My sermon for the Sunday after All Saints, at a joint service of the Church of the Epiphany and Saint Peter's Lutheran Church.
“Today is Randy Giles’ birthday!” Facebook cheerily told me on July 22 this year.
Except Randy is dead. He died over a year ago in India, where he had spent the last decades of his life as a missionary and musician.
But his Facebook page lives on. There is no death on Facebook, it seems. And on his birthday, as I was reminded of him, I looked at his page: hundreds of messages from other friends wishing him a happy birthday—and these were not people who were unaware that he had died, mind you—these were people who missed him, and who, through their comments, expressed their love, their longing, their sadness, and their prayers that he was enjoying the heavenly banquet.
It struck me that this is an interesting—and odd—example of the modern communion of saints. You die on earth, but you live on online. Randy didn’t have children or close family members to take down his page. There was no one to close that door. And in the absence of such a person, his page goes on, and is a place where friends still post remembrances, good wishes, and commune with him in an odd sort of way. It seems a blessing. Sort of like visiting someone’s grave, or saying a prayer remembering them, except in this case each person who reaches out to him on his wall is joined in a community of other people who loved Randy, linked through his life to hundreds of other lives. A cybercommunion of saints.
When faced with death, the church has always tried to straddle the divide between grief and hope. We grieve, because we miss those who have died. We miss seeing their face, hearing their voice, encountering them in myriad ways, and they are gone from our daily lives in the way we are accustomed to finding them. Death is real. And—not but—AND, we hope for resurrection, and even when we grieve, we do not grieve as those without hope. We do believe in reunion, we do believe that in the resurrected life, that we and all the saints in light will be sitting around a heavenly banquet table with Jesus at the center someday. We believe in the communion of saints—the real one, not the cyber one.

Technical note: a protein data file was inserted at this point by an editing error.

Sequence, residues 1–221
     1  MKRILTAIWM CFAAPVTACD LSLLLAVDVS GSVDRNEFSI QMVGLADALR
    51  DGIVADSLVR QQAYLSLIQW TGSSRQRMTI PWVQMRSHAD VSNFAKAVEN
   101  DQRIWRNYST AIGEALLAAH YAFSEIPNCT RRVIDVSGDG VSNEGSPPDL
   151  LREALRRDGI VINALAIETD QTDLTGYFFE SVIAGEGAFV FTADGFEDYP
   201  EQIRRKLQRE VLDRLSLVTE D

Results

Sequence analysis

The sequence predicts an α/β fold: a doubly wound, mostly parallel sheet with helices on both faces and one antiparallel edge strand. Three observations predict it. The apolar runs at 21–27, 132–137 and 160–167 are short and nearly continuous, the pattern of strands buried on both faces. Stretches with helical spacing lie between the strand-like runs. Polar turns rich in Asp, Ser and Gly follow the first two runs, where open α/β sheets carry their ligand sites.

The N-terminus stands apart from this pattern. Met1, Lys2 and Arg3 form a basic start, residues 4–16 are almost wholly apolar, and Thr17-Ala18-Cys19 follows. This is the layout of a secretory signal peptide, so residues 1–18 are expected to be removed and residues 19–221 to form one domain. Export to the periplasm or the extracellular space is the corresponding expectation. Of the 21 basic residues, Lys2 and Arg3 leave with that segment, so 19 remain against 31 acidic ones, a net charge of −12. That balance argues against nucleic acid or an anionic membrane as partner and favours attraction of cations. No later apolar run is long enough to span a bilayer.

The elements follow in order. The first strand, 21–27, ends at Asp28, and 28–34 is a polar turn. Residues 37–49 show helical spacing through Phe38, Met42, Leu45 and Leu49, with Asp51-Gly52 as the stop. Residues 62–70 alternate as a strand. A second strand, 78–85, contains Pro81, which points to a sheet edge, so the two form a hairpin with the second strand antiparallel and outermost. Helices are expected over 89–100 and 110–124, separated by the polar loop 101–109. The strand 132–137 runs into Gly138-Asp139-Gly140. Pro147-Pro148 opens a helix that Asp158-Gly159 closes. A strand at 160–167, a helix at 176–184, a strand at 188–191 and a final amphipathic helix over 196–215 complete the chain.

So it’s a full church today. Lots of living people, from two earthly communions of the Episcopal church and the Lutheran church; and lots of people who have died, present here in spirit, in their names being read aloud, in our memories of them, and in our recalling with John of Patmos his vision of the great multitude of those who have passed through the great ordeal of life and gone on into greater glory and greater closeness with Jesus.
During Lent, I preached a sermon about the communion of saints gathering around the Eucharistic table, and was expecting to be conscious of the presence at that table of those who I’ve buried at Epiphany over the last eight years. But the presence I felt, ever so palpably and surprisingly, was Lot Jones, and Uriah Tracey, and all the old rectors of Epiphany whose photos are on the walls, and whose names we are reading today. I stood at the altar, and I felt their hands on my shoulders in this line of ministry all the way back to 1833. Maybe Pastor Derr will experience something similar today. They were at the table and I felt both the weight of their hands and the support of their hands.